As the afternoon turned to evening and a chill crept into the air, we hurried back to our apartment to assemble what we had bought earlier in the day. To make the cassoulet, I first sealed the chicken and the sausage by briefly frying them in oil and butter on a high heat, this locks in flavours before it is added to the stew. Once golden, I removed the meat and threw in smoked lardons, when these were crispy I added a chopped onion and three cloves of garlic. When the onions were soft and translucent, the meat went back into the pan for a few minutes with a tablespoon of dried thyme. Once the flavours had infused, I added a pint of fresh chicken stock, also bought from the market, four large, chopped tomatoes and two tins of haricots blanc. Next, I turned up the heat and reduced the stew before heaving on the cast iron lid of the casserole dish and leaving the ingredients to simmer for forty minutes.

The eating was sublime. I hadn’t tasted cassoulet in years and the first mouthful bought back vivid memories of my mother’s excellent sausage stew. The salty bacon, creamy beans, garlicky sausages and tender chicken all play their part in the symphony of flavours. We ate this dish with a full-bodied bottle of red and nothing else. I would strongly recommend you conquer winter’s chill with this cassoulet recipe – found on the BBC Good Food website – or just visit the South of France.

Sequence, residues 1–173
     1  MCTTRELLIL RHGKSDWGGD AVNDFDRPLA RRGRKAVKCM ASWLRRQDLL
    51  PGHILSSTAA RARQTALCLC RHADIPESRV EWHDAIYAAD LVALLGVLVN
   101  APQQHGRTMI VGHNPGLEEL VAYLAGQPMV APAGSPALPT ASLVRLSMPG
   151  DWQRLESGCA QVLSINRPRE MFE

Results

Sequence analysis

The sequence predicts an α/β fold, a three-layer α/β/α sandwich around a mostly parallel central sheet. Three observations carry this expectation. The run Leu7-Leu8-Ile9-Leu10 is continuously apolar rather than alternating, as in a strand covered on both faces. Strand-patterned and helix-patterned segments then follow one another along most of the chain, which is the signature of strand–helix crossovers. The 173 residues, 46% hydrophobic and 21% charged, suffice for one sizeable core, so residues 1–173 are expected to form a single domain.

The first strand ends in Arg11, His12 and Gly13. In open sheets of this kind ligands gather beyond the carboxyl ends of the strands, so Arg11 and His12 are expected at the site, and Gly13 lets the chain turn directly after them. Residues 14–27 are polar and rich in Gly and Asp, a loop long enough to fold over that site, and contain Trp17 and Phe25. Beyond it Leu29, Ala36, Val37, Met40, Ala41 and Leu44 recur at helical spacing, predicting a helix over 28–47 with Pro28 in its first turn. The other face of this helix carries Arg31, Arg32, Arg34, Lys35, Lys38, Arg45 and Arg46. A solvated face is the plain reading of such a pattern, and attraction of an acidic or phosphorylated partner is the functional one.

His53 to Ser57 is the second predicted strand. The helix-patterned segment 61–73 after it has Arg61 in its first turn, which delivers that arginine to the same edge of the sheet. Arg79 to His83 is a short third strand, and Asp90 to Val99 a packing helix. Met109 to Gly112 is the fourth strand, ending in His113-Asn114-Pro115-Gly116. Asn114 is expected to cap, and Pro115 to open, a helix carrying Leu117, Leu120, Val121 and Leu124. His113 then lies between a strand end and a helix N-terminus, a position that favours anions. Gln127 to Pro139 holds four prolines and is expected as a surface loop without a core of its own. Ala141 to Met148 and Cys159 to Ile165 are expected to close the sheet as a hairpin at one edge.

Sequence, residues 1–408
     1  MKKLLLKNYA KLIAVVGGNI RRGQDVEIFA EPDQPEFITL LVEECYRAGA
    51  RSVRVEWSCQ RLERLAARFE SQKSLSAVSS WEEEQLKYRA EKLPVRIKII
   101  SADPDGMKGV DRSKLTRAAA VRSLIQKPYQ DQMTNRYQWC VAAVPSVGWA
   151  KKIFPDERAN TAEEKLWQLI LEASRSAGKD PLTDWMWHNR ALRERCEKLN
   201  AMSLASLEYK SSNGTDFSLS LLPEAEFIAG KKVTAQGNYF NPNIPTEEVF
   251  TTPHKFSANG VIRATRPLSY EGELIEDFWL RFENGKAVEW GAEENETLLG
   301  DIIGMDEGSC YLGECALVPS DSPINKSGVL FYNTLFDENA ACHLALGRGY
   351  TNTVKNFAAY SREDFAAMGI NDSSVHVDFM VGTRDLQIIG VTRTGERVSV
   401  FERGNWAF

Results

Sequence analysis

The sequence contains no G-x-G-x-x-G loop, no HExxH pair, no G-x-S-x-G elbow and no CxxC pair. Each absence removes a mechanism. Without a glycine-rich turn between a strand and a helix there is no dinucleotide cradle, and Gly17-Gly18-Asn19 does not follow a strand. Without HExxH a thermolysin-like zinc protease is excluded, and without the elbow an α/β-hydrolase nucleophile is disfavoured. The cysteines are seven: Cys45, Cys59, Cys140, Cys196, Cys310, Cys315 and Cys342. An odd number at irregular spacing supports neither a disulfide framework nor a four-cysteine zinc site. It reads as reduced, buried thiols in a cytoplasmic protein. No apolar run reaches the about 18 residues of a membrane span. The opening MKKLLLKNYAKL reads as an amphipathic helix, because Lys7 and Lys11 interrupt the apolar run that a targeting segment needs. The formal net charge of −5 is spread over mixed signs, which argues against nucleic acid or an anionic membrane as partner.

Our final evening in France was marked with another French staple. I didn’t fall in love with Andouillette in Troyes when it was grilled and served with a thick cream and wholegrain mustard sauce. So, in order to rectify my relationship with the intestine sausage I decided to cook it myself. I removed the Andouillette from its casing and fried the insides with garlic, lardons and onion. I served the tripe on a bed of bitter greens which I had steamed over chicken stock and then gently fried them with onions and garlic. Finished with a large spoonful of Dijon mustard, I much preferred my attempt at Andouillette, however, I am not yearning for more just yet.

Predominantly occupied by students, the charming city offers far more than cheap club nights. Whether you visit its beautiful churches, indulge in the hectic nightlife or become immersed in the bustling food markets, Toulouse is a destination for every personality, well except perhaps vegetarians.